“Most of the time the court will look at the interest of other innocent parties like clients. If the fight continues, the company will not be able to make money. Nobody recognises the authority of the other.

“When you publish a winding up notice, parties become wary of dealing with that company going forward,” Mr Karori added.

The lawyer believes that the way forward for family businesses is to bring in professional managers to ensure that the company continues to thrive even when there are feuds.

While Mr Karori agrees that mediation is a viable resolution method, he points out that it is dependent on the individuals’ willingness to take that route, as they cannot be forced into it.

“You can always mediate but companies must be run in line with the Companies Act. Most times each partner has an equal share. Sometimes the fallout is so bad that even getting a simple resolution is impossible. So where parties are unable to agree (on mediation) there is limited action.

“Where they (couple) want to use the company as a battleground, that is where there is a big problem,” Mr Karori said.


Last month, this popular Kiambu Road nightclub joined the growing list of businesses that have become battlegrounds for estranged lovers, as a couple that has been running the establishment for four years took to court after their relationship ended.

Mr Daniel Kimani Kariuki and Ms Sylvia Wamboi Karanja were set to get married, but after their relationship hit a brick wall, it sparked a fight for Ridgeways Inn which they have been jointly running for four years.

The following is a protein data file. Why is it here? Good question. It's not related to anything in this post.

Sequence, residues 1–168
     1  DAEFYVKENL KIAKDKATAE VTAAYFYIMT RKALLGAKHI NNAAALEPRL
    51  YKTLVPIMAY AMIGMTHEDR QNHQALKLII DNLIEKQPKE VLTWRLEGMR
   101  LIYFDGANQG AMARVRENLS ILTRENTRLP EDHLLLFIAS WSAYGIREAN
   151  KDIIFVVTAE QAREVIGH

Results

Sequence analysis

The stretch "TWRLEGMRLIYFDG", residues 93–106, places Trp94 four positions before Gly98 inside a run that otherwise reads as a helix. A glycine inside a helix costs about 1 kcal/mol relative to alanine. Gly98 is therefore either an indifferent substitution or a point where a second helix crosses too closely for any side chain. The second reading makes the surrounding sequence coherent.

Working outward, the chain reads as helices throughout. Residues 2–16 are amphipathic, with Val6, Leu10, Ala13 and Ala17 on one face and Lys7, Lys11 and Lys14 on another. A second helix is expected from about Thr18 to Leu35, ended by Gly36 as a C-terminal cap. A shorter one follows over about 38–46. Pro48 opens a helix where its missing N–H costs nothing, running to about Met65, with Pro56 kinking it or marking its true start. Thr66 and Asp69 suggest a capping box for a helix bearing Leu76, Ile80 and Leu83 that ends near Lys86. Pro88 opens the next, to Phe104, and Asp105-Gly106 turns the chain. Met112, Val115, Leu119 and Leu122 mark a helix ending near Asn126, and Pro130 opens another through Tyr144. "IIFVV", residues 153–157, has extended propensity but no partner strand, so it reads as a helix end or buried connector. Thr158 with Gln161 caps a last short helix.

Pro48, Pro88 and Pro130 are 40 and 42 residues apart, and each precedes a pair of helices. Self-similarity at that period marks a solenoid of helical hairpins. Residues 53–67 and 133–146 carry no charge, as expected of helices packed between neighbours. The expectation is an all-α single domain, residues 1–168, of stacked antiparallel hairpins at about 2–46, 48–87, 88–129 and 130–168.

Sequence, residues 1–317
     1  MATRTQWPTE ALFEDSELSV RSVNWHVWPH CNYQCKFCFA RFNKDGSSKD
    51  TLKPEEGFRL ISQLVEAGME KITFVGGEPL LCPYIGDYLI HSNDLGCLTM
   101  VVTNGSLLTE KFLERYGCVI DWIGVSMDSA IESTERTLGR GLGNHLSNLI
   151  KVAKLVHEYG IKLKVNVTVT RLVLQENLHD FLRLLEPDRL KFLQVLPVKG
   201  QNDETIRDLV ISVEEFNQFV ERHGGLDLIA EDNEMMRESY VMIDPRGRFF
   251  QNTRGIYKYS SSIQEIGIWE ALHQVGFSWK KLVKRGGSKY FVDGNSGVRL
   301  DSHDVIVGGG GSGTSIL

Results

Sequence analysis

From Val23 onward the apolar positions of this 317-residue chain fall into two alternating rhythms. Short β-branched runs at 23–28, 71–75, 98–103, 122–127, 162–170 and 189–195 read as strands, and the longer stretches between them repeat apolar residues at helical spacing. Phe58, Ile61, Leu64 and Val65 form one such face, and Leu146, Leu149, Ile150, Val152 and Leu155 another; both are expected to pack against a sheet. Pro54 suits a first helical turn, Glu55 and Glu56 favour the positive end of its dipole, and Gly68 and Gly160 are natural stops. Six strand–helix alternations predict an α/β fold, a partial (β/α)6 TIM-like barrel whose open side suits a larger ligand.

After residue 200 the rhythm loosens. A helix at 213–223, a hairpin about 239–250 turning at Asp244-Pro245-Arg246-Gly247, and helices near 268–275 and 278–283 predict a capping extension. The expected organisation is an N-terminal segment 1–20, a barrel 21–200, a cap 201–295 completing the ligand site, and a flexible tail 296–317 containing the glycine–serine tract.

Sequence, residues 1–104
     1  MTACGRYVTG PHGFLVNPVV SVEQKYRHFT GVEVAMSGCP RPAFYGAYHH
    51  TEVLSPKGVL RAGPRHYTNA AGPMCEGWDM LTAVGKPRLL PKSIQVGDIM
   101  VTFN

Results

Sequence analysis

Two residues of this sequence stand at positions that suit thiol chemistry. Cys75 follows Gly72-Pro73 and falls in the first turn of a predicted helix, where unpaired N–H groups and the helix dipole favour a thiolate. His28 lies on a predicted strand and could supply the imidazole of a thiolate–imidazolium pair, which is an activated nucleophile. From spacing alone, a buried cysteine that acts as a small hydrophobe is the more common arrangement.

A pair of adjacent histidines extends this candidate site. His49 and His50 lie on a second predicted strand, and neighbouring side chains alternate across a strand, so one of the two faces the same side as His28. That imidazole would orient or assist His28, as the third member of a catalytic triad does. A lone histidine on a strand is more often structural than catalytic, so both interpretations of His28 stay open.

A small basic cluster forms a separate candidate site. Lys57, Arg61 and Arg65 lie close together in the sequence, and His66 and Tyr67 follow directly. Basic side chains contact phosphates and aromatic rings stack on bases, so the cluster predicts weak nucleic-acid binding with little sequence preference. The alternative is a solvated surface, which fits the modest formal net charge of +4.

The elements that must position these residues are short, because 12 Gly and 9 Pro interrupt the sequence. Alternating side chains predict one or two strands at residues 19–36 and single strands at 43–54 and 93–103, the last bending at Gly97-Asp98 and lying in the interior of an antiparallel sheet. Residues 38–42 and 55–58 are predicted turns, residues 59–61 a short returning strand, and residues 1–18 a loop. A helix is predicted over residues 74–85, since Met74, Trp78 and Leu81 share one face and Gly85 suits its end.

Ms Karanja had in 2015 brought her ex-fiancé into Ridgeways Inn’s ownership, which has now become the venue for trench warfare between the former lovers.

The battle has proven to be a complex one, as a lawyer who effected the disputed company directorships now claiming that he did so on instruction from Mr Kariuki, his cousin.

Mr David Kimani Kinyanjui has now claimed in a statement to the Directorate of Criminal Investigations (DCI) that his cousin asked him to effect the transfer so that the couple could get a loan.

But the Ridgeways Inn fight is not a unique one, as over the years the corridors of justice have seen several cases pitting former lovers against each other.


In March last year, Ms Pernille Duckworth sued her ex-husband Michael Duckworth, amid other court battles between them, including a divorce case.

Ms Duckworth claimed in the suit that her ex-husband and a businessman identified as Thomas Ruhiu Kariuki had been lying to regulators and police that her Fred Black Insurance Brokers is involved in money laundering.

She added that Mr Duckworth had asked a number of Fred Black Insurance Brokers to jump ship to another firm that he incorporated after their bitter divorce.

Ms Duckworth accused Mr Kariuki of threatening to continue with the information spread unless he is given a 35 per cent stake in Fred Black Insurance Brokers.

But Mr Duckworth insisted that his ex-wife forged documents to show that he had left the company, and that the matter had been reported to the police. The British national denied attending any board meetings that resolved to have him exit the insurance brokerage firm.

Just three years earlier, Mr Duckworth had filed an insolvency petition to wind up the Academy of Dance and Arts, a school they co-own.

He argued that the sour relationship with his ex-wife had made it impossible to have any board meetings and pass any resolutions.